20 Executive Outlook Flexo Market News












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W indmoeller & H oelscher Executive Outlook

Klaus Kleemann Vice President of Sales

yond the company’s own boundaries and includes suppliers and customers. For example, the different hardware, namely the machines and software have to work together seamlessly. This is an important new area of activity and innovation for equipment suppli­ ers. There are still too many system gaps and inter­ faces between prepress, individual presses and downstream equipment. Digitally networked intelli­ gent machines are the key to further increasing pro­ ductivity, profits and customer satisfaction. The VISION Assistance System from W&H is fullyin­ tegrated into the press and PROCONTROL unit (user interface). Typically, components come from a num­ ber of different suppliers and all have their own con­ trol units. With the VISION system, all components

What, more than anything else, do you think flexo printers should be most focused on right now? More than anything else, printers need to focus on maximizing efficiency and print quality. Some of the reasons for this are the continued trend for shorter runs, the need for quicker changeovers and the abili­ ty to achieve high quality as the jobs become more demanding and sophisticated. At W&H we give our customers the tools to keep up with this trend in order to remain competitive and produce the highest quality products using fully­ integrated features, such as EASYSET and EASYREG for quick job setups and wastefree registration and our new intelligent VISION system, which is the only fullyintegrated vision and defect detection system currently on the market. Another part of maximizing efficiency on any equipment is getting interested and qualified peo­ ple to run machines. This is a welldocumented challenge across manufacturing worldwide. To top that off, the current unemployment rate in the U.S. hovers around 4%, so it’s hard to find the right peo­ ple because the labor pool isn’t very big. Our goal is to help customers fill this gap with intelligent, intu­ itive solutions on the machines that make maximiz­ ing efficiency easy. What areas of technology will guide the future of flexo technology? The future of flexographic technology will lie in the integration of the individual press components. For a few years, the hot topic in the manufacturing world has been Industry 4.0 — the smart connected facto­ ry of the future embracing automation, communica­ tion and integration of manufacturing technologies to optimize the value chain from raw material acqui­ sition to production of the final product. At W&H, we call this “Packaging 4.0” Printers’ value chains are becoming more dynamic. Production processes are linked between work steps and production sites. This networking also goes be­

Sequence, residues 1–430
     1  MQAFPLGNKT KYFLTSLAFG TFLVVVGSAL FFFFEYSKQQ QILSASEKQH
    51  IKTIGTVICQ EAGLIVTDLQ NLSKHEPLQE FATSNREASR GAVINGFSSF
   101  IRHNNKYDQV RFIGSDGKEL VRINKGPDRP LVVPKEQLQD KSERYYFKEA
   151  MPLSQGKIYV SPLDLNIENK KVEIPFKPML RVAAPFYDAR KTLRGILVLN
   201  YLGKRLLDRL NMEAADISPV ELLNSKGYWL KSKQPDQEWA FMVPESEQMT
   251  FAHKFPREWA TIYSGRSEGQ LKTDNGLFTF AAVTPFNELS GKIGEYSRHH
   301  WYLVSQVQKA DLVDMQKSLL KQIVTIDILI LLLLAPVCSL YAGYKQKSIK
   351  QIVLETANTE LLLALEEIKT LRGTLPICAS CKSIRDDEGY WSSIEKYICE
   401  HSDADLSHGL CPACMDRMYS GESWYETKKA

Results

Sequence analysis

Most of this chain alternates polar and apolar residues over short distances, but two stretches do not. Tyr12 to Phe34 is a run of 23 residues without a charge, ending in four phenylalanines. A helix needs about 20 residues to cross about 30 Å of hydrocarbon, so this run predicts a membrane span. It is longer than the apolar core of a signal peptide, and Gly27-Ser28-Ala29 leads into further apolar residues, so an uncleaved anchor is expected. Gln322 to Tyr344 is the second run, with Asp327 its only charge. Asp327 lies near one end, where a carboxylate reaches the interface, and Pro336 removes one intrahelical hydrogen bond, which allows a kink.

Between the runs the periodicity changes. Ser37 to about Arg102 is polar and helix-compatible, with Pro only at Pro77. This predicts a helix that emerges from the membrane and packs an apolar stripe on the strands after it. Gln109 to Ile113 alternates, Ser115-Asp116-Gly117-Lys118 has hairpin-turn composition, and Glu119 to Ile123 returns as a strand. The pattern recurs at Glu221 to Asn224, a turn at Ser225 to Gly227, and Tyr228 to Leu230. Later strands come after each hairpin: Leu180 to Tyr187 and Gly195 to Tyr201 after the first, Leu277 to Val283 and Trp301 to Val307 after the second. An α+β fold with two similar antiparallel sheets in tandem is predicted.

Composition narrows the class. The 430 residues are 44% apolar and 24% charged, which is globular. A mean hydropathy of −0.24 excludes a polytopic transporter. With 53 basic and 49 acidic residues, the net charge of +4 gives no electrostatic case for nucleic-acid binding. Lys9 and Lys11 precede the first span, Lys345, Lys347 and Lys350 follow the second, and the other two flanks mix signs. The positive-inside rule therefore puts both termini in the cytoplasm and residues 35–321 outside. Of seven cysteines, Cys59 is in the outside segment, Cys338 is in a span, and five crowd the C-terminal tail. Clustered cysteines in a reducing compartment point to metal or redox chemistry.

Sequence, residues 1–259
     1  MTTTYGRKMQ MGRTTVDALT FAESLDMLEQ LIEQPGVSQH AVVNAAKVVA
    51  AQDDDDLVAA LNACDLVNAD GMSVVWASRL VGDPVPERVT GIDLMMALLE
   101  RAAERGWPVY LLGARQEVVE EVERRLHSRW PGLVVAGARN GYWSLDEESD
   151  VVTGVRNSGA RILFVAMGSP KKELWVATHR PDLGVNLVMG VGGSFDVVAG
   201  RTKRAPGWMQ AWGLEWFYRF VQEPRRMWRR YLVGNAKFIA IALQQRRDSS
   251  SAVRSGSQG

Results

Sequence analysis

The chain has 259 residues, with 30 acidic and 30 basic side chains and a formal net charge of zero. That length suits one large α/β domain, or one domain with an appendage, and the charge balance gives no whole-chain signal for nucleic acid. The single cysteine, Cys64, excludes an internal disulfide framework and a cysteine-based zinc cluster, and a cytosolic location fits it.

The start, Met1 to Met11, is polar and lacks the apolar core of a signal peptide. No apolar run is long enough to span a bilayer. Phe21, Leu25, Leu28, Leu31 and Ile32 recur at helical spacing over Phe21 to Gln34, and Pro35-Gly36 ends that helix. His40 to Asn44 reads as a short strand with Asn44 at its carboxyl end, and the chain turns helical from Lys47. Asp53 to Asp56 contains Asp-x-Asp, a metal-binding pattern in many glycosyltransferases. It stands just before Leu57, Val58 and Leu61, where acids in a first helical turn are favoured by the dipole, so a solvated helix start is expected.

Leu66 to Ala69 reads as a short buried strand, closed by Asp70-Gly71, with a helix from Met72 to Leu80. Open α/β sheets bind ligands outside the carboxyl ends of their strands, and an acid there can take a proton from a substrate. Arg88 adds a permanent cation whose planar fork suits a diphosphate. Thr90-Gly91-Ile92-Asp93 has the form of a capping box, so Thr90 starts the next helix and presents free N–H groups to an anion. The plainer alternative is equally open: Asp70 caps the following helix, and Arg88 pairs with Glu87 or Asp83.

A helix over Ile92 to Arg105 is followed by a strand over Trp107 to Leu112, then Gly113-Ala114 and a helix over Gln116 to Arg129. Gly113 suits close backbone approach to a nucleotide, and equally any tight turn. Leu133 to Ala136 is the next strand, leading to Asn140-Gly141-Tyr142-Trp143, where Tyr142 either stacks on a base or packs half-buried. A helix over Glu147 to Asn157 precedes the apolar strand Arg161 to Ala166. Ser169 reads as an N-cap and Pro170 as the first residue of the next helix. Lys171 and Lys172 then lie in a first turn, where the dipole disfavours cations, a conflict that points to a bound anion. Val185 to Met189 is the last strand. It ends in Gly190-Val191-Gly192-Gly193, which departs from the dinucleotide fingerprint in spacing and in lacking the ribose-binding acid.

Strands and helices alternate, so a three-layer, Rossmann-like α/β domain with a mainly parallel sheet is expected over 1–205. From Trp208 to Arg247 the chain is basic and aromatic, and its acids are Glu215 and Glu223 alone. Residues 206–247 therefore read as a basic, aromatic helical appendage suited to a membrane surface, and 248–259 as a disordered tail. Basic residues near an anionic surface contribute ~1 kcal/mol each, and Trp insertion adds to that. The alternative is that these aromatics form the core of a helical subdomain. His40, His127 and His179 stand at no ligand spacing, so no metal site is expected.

are controllable from one common user interface. This makes setup easier and increases efficiency of the press. How is W&H poised to assist flexo printers in growing their businesses in today’s environment? W&H has spearheaded innova­

tion in flexographic printing for decades, including developing gamechanging technologies ranging from the first gearless press to the first sideloading sleeve press to the first automatic impression and registration systems to the first automatic washup system and now continues to work on fullyintegrat­ ed, connected and intelligent systems. Our dedication to Research & Development and creating new technologies to benefit our customers is as much in the forefront of our mission as ever and with that in mind, we are ideally poised to con­ tinue finding solutions for our customers. With all of these technological advancements, it’s crucial for a customer to be able to get in touch with the machine supplier when needed, because down­ time is expensive. W&H offers all our customers the unique service of being able to actually speak with a W&H degreed engineer in our Information & Diag­ nostics Center 24/7/365 in order to trouble shoot and keep the press up and running.

22 Executive Outlook Flexo Market News



500+ MIRAFLEX presses worldwide

MIRAFLEX The newest generation with W&H fully-integrated VISION system for press automation and maintenance-free TURBOCLEAN ADVANCED E inking and wash-up system.

Experience “Passion for Innovation”

Windmoeller & Hoelscher Lincoln / Rhode Island Phone 800-854-8702 info@whcorp.com · www.whcorp.com

Executive Outlook

Anderson & Vreeland

ARC International


BST North America



Mark Andy



Windmoeller & Hoelscher